Essentially, hospitals can either replace the outdated devices or invest in better security for them.

How can you tell which is the right decision?

The guide suggests research and a collaborative approach to decide on the next steps. Some areas that need to be studied here are coordinated vulnerability management, modular design of medical equipment, and the potential benefits of training the workforce.

Proactive Approach to Securing Medical Devices

Most medical institutions wait for patches from manufacturers. Months can pass between them. In the meantime, devices could have critical vulnerabilities that hackers might exploit.

These are months hospitals simply don’t have. In between scheduled patching, hackers can exploit critical vulnerabilities that might allow them to obtain sensitive data. Or gain remote control over a piece of medical equipment.

This is the key difference between the new and older guides.

That is, the 2023 document suggests a more proactive approach to cybersecurity. It takes into consideration that cyberattacks happen in real-time. New kinds of cyberattacks, more advanced and damaging, can unexpectedly compromise the assets of a hospital.

Security has to keep up — and look for anomalies and flaws at all times. Find and fix them before a bad actor misuses them.

For example, Host-based Intrusion Detection/Prevention Systems (HIDS/HIPS) is one solution for improving the security posture of medical devices. It’s continually monitoring the surface to prevent intrusions in real time.

It seeks for anomalies at all times by tracking the events and makes sure that the devices are safe from exploits even before the manufacturers provide patches.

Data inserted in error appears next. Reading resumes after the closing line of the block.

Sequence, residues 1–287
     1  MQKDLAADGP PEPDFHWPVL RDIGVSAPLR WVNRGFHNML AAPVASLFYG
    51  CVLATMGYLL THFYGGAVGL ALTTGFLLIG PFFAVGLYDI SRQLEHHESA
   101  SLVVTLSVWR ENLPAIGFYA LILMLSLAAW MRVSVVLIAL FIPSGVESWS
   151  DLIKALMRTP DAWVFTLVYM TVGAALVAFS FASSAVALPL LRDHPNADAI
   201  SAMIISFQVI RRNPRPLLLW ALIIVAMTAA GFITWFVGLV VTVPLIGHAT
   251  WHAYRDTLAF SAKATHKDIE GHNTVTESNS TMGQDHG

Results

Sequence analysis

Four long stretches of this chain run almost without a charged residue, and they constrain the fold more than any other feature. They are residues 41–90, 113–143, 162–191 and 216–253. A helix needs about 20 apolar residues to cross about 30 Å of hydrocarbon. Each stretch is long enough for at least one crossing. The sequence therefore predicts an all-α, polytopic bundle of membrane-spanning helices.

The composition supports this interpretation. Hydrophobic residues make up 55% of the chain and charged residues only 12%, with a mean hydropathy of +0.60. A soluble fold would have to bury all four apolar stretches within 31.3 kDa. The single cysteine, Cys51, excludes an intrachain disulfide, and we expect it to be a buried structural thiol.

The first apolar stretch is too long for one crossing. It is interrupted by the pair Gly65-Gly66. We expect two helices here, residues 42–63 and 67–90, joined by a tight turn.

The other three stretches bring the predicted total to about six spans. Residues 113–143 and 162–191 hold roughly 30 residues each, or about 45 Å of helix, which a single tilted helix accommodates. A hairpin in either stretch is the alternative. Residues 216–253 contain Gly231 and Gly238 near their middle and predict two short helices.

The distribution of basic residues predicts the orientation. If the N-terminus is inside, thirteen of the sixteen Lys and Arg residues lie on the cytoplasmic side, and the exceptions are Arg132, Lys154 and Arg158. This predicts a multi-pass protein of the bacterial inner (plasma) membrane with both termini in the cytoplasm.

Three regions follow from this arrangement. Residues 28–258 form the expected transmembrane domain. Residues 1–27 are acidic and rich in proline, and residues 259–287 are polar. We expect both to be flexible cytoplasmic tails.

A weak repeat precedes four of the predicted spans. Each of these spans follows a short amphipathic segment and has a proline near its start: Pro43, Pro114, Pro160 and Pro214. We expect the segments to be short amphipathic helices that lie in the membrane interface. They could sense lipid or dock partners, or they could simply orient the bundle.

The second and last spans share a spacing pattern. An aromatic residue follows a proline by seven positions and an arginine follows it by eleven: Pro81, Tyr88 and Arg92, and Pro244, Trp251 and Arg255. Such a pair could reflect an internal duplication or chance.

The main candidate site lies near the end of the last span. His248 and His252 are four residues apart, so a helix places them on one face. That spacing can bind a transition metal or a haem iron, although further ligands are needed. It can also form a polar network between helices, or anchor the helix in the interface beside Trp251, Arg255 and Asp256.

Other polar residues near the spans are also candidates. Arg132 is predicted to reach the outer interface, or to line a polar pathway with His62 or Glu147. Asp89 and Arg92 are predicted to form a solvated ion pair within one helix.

Prioritizing the Safety of Patients

In the medical field, vulnerabilities that a hacker might uncover within the medical equipment affect patients the most. In the worst-case scenario, weaknesses discovered late can put patients' lives at risk.

A large number of devices that hospitals use are IoT-based. Patients rely on devices such as smart insulin pens, monitoring devices, and health trackers. This is also the most challenging technology to protect.

What does that mean for security?

Institutions use smart components that are known to be vulnerable, but they’re a necessity because they need these smart devices designed to communicate with each other.

IoT devices are convenient but also notoriously insecure because it’s challenging to make them functional and safe against hacking. This is especially true for older devices that aren’t even designed with security in mind.

The latest version of the cybersecurity guide has been almost 10 years in the making. This is a long time for a more comprehensive guide, considering how fast the field of cybersecurity changes every year.

New FDA cybersecurity guidance facilitates security by offering the latest tips on how to proactively protect flawed devices.

Regardless of the type of institution and medical equipment used there, the ultimate goal of cybersecurity is the same.

First and foremost, it’s about protecting the patients. It’s about retaining their trust and making sure they receive the best care.